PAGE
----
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Versions: 00 01 02 03 draft-kala-dtcp

Internet Draft                                                D. Cavuto
Intended status: Experimental                                      AT&T
Expires: May 2010                                               M. Apte
                                                       Juniper Networks
                                                                S. Jain
                                                       Juniper Networks
                                                              M. Murthy
                                                       Juniper Networks
                                                      November 10, 2009



                  DTCP: Dynamic Tasking Control Protocol
                         draft-cavuto-dtcp-03.txt



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   the Trust Legal Provisions and are provided without warranty as
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Abstract

   Dynamic Tasking Control Protocol is a message-based interface by
   which an authorized client may connect to a server -- usually a
   network element (NE) or security policy enforcement point (PEP) --
   and issue dynamic requests for data. These tasking requests contain,
   among other parameters, packet matching criteria that may apply to
   certain packets flowing through that network element. The primary
   intent of the tasking request is to instruct that network element to
   send copies of packets matching those criteria to a destination
   (usually via tunneling) for further inspection or other action. The
   protocol contains a security architecture to address client or server
   spoofing as well as replay prevention. The protocol assumes that
   multiple clients may simultaneously control a single server.














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Table of Contents


   1. Introduction...................................................5
      1.1. Operational Modes.........................................5
      1.2. Performance Considerations................................6
      1.3. Conventions used in this document.........................6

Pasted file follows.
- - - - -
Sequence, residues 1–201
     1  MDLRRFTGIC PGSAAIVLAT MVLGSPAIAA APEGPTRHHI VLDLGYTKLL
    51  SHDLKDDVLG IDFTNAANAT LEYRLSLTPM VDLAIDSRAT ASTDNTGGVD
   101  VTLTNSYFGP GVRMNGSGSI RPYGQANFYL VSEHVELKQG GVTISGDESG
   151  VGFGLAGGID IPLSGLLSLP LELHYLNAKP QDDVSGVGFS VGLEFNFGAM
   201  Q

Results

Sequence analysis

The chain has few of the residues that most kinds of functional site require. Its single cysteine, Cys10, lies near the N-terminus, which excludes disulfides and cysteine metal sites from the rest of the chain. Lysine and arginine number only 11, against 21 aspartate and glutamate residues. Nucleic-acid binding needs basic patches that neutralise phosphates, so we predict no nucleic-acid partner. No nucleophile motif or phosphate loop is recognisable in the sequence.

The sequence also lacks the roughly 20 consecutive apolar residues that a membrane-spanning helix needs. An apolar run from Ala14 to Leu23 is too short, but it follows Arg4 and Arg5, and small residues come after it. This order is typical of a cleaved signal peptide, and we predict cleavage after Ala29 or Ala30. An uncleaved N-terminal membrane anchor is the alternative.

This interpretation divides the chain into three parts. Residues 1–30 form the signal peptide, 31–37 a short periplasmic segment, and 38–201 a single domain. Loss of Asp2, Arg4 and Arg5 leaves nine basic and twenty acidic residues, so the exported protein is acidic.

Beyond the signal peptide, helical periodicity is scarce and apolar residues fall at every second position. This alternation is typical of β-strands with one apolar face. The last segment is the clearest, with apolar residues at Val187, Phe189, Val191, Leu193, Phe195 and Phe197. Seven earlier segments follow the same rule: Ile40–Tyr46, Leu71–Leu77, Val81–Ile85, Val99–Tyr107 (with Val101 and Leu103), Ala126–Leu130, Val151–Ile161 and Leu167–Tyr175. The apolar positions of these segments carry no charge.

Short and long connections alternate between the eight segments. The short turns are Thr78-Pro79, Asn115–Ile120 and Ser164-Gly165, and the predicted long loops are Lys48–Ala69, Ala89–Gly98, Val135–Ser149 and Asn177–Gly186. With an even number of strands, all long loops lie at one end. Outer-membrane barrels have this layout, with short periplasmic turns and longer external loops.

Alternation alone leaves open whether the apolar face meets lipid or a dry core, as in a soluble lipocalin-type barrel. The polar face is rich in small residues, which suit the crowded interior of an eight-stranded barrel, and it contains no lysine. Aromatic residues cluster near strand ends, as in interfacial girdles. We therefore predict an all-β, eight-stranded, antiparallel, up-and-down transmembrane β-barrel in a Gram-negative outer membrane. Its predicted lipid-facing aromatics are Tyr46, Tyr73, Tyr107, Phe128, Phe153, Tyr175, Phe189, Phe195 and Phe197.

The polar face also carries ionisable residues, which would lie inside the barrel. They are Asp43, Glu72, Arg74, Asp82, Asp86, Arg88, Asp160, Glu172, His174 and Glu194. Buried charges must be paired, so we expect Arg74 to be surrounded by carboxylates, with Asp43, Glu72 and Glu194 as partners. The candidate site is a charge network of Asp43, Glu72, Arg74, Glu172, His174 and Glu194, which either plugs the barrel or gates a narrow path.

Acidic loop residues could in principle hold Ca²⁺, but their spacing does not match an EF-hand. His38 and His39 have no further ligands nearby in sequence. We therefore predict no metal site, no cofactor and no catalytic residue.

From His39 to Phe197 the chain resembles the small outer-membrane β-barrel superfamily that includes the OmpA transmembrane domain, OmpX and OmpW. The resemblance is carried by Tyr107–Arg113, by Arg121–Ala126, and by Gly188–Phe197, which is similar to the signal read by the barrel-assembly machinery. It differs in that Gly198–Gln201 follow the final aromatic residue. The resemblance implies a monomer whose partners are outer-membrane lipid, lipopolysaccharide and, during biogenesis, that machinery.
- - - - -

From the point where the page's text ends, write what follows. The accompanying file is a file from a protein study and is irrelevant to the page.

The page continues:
2. Definitions....................................................7
      2.1. Server....................................................7
      2.2. Client....................................................7
      2.3. Control Source............................................7
      2.4. Content Destination.......................................7
      2.5. Criteria..................................................7
   3. Overview of Operation..........................................8
      3.1. Request-Response Paradigm.................................8
      3.2. Asynchronous Notifications................................9
      3.3. Data Delivery Mechanism..................................10
   4. Security Model................................................10
      4.1. No Information Exposure..................................10
      4.2. Independence of Control Sources..........................11
      4.3. Control Source to Content Destination Access Control.....11
      4.4. Per-Message Security Mechanisms..........................11
         4.4.1. Sequence Number.....................................11
            4.4.1.1. Sequence Number Negative Window................12
         4.4.2. Hashing Message Authentication Code (HMAC)..........13
   5. Application-Layer Message Formats.............................14
      5.1. Request General Format...................................14
      5.2. Response General Format..................................15
      5.3. Notification General Format..............................15
      5.4. Add Request..............................................15
         5.4.1. Criteria Timeouts...................................17
      5.5. Add Response.............................................17
      5.6. Delete Request...........................................18
      5.7. Delete Response..........................................19
      5.8. Refresh Request..........................................20
      5.9. Refresh Response.........................................20
      5.10. List Request............................................21
      5.11. List Response...........................................22
      5.12. NoOp Request............................................23
      5.13. NoOp Response...........................................23
      5.14. Restart Notification....................................24
      5.15. Rollover Notification...................................24
      5.16. NoOp Notification.......................................24
      5.17. Timeout Notification....................................24
      5.18. Congestion Notification.................................25
      5.19. CongestionDelete Notification...........................25
      5.20. DuplicatesDropped Notification..........................26
   6. Miscellaneous.................................................26
      6.1. Special treatment of response to List request............26
      6.2. Error or Exception Conditions............................28
      6.3. Extensions in ABNF.......................................29
      6.4. Current Version..........................................29


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      6.5. No specific port.........................................29
      6.6. Unimplemented Protocol Methods and Parameters............29
      6.7. Version Mismatches.......................................30